For years, Robertson has spent considerable time giving advice on his television program, “The 700 Club,” and in a sporadic newsletter called Perspective. He interprets world events in light of biblical prophecy, filtering them through his background in law, economics, and theology, and packaging the result in a way that makes sense to Christians hungry for a faith with practical application.

In return, loyal viewers—and seemingly all their cousins—are buying his book at a rate that far exceeds any other Christian best seller in the first few months after its release. Four months after its September 1982 publication date, the book entered its eighth printing with 288,000 copies in circulation. Contributors to Robertson’s Christian Broadcasting Network received 102,000 copies as gifts, and the rapid sale of the remaining 186,000 astonished even the book’s promoters at Thomas Nelson Publishers in Nashville, Tennessee.

Mark Cady, national sales manager for Nelson’s book division, said, “We would have been quite pleased to sell 75,000 copies,” ranking the book in its early-month sales with other Christian best sellers such as Francis Schaeffer’s A Christian Manifesto, Charles Colson’s Born Again, and Hal Lindsey’s Late Great Planet Earth.

Article continues below

Manifesto sold 51,000 copies in the three months following its release in November, 1981, and total sales are just over 276,000. Lindsey’s end-times analysis got off to a sluggish start in May 1970, taking eight months to sell 135,000 copies. To date, its sales surpass 10.5 million.

Cady said buyers at two leading secular bookstore chains, Dalton and Walden, were initially as reluctant to accept Robertson’s book as they are with most Christian titles. But after a few copies sold out, both chains retrieved the book from the far reaches of the religion section and gave it prominent frontdoor display.

A brief shelf life at a Dalton store helps ensure notice on secular bestseller lists—a prize beyond the grasp of almost all Christian titles. The Secret Kingdom, however, rose to fourth place on Time magazine’s nonfiction list and cracked the top ten with Ingrams, the nation’s largest secular book wholesaler.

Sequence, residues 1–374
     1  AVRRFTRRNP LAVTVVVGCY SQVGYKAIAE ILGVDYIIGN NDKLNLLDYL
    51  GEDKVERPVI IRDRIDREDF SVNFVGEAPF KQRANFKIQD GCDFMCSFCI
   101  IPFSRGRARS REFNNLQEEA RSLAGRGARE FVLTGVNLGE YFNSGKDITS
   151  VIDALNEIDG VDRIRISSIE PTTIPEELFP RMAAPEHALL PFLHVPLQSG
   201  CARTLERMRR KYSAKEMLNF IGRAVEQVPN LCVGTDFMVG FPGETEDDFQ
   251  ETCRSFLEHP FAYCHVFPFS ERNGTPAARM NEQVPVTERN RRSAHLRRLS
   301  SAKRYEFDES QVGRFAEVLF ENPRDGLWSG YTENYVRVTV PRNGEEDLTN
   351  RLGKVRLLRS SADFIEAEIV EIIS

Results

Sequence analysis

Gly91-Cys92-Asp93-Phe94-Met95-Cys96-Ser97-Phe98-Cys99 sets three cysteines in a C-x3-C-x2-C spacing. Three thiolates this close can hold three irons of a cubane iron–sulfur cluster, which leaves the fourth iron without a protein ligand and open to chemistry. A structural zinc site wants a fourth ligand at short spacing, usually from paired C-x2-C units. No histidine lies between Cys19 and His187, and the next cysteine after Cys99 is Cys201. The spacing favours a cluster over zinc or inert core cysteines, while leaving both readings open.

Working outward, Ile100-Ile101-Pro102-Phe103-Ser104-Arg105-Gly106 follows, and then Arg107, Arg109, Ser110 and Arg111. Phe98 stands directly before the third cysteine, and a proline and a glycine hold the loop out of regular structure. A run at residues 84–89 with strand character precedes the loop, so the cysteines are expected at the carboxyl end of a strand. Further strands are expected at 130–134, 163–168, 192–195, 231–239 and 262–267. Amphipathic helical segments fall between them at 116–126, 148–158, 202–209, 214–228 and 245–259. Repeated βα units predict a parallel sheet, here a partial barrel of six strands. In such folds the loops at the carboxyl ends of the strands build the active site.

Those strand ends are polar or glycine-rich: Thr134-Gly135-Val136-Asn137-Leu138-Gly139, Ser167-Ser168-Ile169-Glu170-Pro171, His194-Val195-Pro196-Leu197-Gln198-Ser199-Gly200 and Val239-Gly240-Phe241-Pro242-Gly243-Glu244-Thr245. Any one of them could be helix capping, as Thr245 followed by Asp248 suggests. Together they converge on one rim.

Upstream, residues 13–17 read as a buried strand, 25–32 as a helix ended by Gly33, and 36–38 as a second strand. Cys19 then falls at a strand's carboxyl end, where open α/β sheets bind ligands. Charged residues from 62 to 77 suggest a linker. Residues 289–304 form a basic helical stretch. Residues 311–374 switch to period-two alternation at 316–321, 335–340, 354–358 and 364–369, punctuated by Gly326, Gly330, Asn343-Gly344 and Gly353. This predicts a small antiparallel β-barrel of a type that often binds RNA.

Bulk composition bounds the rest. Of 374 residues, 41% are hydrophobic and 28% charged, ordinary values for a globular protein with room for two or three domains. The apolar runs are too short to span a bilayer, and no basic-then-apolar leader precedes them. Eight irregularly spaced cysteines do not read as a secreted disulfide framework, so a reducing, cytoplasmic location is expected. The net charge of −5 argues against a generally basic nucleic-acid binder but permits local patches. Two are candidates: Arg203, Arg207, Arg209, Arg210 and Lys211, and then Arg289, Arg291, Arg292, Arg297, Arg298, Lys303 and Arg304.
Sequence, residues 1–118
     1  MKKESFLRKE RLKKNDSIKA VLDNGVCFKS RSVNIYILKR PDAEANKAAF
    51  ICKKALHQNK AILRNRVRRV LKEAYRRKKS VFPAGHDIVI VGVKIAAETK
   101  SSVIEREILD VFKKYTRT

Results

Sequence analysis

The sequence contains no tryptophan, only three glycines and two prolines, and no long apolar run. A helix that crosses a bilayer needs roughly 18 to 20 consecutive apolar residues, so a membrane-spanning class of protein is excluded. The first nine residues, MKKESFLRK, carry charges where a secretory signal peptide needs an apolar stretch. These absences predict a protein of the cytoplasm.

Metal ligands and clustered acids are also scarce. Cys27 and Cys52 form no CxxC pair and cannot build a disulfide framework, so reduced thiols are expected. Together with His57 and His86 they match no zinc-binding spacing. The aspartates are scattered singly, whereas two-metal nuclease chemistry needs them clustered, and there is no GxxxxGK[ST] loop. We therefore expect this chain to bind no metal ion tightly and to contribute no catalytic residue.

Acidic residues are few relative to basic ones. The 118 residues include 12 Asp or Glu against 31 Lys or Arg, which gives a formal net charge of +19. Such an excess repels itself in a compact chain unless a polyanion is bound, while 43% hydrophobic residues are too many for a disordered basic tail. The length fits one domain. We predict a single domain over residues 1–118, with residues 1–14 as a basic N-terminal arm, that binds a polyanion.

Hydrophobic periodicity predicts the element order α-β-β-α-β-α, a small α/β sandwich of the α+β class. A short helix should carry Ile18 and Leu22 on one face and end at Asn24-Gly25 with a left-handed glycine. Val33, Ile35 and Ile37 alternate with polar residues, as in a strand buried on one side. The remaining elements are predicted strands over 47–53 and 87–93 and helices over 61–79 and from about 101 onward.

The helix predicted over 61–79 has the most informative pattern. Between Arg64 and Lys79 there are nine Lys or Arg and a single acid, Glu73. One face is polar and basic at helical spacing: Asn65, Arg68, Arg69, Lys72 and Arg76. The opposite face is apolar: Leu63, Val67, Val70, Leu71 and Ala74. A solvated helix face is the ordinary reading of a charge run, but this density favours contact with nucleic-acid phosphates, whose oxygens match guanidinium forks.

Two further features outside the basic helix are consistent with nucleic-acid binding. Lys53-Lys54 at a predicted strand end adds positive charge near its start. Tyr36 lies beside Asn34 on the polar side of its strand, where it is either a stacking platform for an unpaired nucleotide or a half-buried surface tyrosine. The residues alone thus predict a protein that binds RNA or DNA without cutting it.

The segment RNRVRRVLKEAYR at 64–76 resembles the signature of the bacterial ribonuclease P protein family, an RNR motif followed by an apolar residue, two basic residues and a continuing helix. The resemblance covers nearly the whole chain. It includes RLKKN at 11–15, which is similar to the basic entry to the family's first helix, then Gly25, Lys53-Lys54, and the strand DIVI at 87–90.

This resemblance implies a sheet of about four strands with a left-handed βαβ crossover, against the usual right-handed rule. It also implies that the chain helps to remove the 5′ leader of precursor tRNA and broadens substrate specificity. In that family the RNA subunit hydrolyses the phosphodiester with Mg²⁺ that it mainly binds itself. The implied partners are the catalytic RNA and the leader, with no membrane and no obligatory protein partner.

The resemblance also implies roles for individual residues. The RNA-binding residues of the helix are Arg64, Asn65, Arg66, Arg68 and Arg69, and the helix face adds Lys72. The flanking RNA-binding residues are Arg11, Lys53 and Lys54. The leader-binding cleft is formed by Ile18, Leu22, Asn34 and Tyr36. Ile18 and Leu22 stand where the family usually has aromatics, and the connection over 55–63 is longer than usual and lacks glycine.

It held the number-one spot on Bookstore Journal’s list of top sellers in Christian bookstores in January and February. Unlike secular best-seller sales, which Cady said “explode and then die after about six months,” most Christian books gain in popularity gradually, becoming known by word of mouth.

In Robertson’s case, that process is accelerated by his daily television broadcasts reaching 3 million viewers per week. But he has written two other books, Shout It From the Housetops and My Prayer for You, which lacked a broad mass appeal.

His new volume, written with CBN executive vice-president Bob Slosser, is an apologetic of Christ’s statement that “the kingdom of God is at hand.” The book identifies eight laws, or “kingdom principles,” which are “every bit as valid for our lives as the law of thermodynamics or the law of electricity.”

They form a biblical blueprint for conduct and attitude among citizens of “the secret kingdom.” The eight laws “pose a realistic alternative” for a society rapidly running short of solutions. They accommodate neither left-nor right-wing politics, consisting instead of virtues to be cultivated individually and corporately in order to know and act on God’s will. These include humility, servanthood, good stewardship, perseverance, generosity, diligence in work, unity or harmony with others, and dominion over the rest of creation.

Article continues below

Robertson arrived at his conclusions by pretesting the kingdom principles in his own life and at CBN. His “law of reciprocity,” for example, is derived from Christ’s words in Luke 6:38: “Give and it will be given to you.” CBN has made a practice of tithing its income to other Christian ministries, making sizeable donations to groups including the National Association of Evangelicals, Christian Legal Society, and Wycliffe Bible Translators.